Are Processed Foods Bad for You?

An integrative medicine physician explains the difference between minimally processed and ultra-processed foods and their impact on your health.

From yogurt cups to granola bars to frozen vegetables, many staples on a typical grocery list fall into the category of processed foods.

But not all processed foods are created equal. According to recent research published in The Lancet’s eClinicalMedicine journal, regularly eating ultra-processed foods could lead to an increased risk of developing cancer.

The study analyzed the diets of nearly 200,000 people between the ages of 40 to 69. And it found that those who consumed more ultra-processed foods had a higher incidence of developing or dying from several types of cancer over a 10-year period.

Health Matters spoke with Dr. Loy to learn more about how to recognize ultra-processed foods, the possible effects they can have on your overall health, and tips for how to shop and cook with more healthful ingredients.

Dr. Michelle Loy, expert in achieving a healthy holiday mindset.

Dr. Michelle H. Loy

The health impacts of ultra-processed foods are already a widespread concern. “The World Health Organization and the Food and Agricultural Organization recommend the restriction of ultra-processed food as part of a healthy and sustainable diet,” says Dr. Michelle H. Loy, an integrative medicine physician at NewYork-Presbyterian/Weill Cornell Medical Center. “A key takeaway from the study is that a dietary pattern that emphasizes ultra-processed food can be of concern both in the short term and long term.”

What is the definition of processed food?
Dr. Loy: Processed food is defined by the Department of Agriculture as any raw agricultural commodity that’s been washed, cleaned, milled, cut, chopped, or heated. That includes a lot of pasteurized, blanched, canned, frozen, dried, dehydrated, mixed, cooked, and packaged foods.

Processing food may include adding preservatives, flavors, nutrients, and other food substances that are approved for use in food, like salt, sugar and fat. So, it’s basically anything that’s been altered from its natural state.

We also hear more specific terms like ultra-processed and minimally processed. Are there different degrees of processed food?
It’s more like a continuum. An apple from the ground is not processed at all. But if you cut up an apple, or cook it, that’s considered processing it a little bit. Further down the processing continuum you might see applesauce, apple juice, fructose juice concentrate, and apple gummy candy.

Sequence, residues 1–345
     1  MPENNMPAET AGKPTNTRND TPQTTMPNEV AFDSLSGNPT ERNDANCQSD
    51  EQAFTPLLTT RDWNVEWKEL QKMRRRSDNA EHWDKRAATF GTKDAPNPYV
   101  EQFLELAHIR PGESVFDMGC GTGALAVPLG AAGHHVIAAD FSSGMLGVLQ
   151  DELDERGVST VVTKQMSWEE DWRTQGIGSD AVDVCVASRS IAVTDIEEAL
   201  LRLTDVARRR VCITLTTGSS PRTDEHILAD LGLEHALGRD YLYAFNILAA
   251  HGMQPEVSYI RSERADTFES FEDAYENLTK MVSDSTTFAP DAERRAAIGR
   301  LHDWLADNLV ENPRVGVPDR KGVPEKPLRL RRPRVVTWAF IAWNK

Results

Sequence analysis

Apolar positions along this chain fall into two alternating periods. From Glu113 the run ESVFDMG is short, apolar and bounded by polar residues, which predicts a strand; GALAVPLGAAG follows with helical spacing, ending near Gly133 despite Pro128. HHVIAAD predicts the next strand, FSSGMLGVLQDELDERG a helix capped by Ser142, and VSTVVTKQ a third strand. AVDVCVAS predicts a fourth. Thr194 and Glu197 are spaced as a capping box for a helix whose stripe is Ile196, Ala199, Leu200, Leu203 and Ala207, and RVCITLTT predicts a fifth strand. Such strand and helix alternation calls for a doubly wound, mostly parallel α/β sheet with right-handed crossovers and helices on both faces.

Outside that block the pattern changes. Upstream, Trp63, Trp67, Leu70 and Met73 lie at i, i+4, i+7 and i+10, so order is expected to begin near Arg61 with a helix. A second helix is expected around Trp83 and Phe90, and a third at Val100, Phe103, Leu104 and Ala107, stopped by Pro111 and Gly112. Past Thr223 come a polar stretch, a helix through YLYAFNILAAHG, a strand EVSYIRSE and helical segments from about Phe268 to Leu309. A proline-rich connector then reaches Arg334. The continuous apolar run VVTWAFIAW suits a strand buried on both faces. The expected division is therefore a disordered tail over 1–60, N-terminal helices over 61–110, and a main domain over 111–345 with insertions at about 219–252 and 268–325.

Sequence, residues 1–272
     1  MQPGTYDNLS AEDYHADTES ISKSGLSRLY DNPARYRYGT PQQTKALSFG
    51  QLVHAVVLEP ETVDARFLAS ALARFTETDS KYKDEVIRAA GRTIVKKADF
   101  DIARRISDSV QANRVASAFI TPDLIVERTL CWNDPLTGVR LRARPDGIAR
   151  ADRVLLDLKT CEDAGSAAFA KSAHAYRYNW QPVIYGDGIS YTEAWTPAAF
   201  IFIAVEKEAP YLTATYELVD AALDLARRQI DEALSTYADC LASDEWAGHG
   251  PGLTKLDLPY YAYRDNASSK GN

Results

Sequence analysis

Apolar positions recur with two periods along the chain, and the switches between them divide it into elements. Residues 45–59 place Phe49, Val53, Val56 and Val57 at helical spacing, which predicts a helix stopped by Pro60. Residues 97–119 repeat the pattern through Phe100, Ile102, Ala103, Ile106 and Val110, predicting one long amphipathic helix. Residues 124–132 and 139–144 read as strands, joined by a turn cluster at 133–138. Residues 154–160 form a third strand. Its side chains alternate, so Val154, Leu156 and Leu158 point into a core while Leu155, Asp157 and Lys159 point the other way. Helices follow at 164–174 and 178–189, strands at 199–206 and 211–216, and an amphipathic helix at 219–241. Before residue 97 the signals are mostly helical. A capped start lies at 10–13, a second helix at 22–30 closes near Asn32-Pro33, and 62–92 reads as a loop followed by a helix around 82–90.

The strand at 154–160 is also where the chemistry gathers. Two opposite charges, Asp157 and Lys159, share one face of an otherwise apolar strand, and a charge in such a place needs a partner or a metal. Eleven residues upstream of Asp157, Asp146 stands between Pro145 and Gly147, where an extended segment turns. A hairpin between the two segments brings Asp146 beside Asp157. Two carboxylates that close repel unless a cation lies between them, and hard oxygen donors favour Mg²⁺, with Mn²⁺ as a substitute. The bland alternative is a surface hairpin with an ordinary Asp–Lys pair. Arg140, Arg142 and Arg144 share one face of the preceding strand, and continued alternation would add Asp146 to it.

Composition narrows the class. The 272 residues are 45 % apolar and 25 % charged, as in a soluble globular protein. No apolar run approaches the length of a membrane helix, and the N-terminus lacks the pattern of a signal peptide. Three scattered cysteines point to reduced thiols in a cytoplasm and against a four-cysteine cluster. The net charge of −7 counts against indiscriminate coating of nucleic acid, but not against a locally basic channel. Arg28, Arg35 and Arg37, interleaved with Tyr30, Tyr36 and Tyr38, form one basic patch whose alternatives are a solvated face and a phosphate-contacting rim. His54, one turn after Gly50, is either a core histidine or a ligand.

Ultra-processed food was defined in 2009, and it’s part of the NOVA classification system that classifies all food into four categories. In the first category are minimally processed foods, like uncut fruits and vegetables. The next category is processed culinary ingredients, things like oils, butter, and sugar. Next is what we call processed food, so things like canned vegetables, smoked meats, freshly baked bread, simple cheeses.

Then, the ultra-processed food category is food made using industrial processes, like carbonation, hydrogenation, molding, pre-frying. It can include foods that contain additives to make it hyper-palatable; preservatives to help it stay more stable at room temperature; or stabilizers to preserve structure. It may also include foods that contain high levels of fat, sugar, salt — and most importantly, in combinations that are not usually found in whole foods.

"While more research is being done to examine how processed foods affect our bodies, we do have plenty of data showing that whole food, unprocessed dietary patterns are all associated with better health."

— Dr. Michelle Loy

Why is the processing of foods concerning? Are all processed foods bad for you?
Processing is not necessarily a bad thing. For some foods, like whole grains or oats, processing (i.e cleaning, dehulling, kilning, cutting, steam tempering, flaking and cooling) may be required for consumption and quicker cooking. Fresh fruits like blueberries, pre-cut vegetables, fresh-cut greens, and roasted nuts are also examples of minimally processed foods that can be part of a healthful diet; these are foods that are often prepped for convenience and processed at their peak to lock in nutritional quality and freshness.

Ultra-processed foods, however, are foods that have undergone significant processing and typically contain ingredients that are chemically formulated from food-derived substances. They’re also largely devoid of the foods that occur in their whole form in nature. Examples include sodas, hot dogs, frozen meals, flavored yogurt, instant ramen, potato chips.

Overall, despite often being marketed as healthier diet foods, ultra-processed foods are typically lower in nutritional value, and contain ingredients that are potentially harmful, potentially addictive, or prone to over-consumption.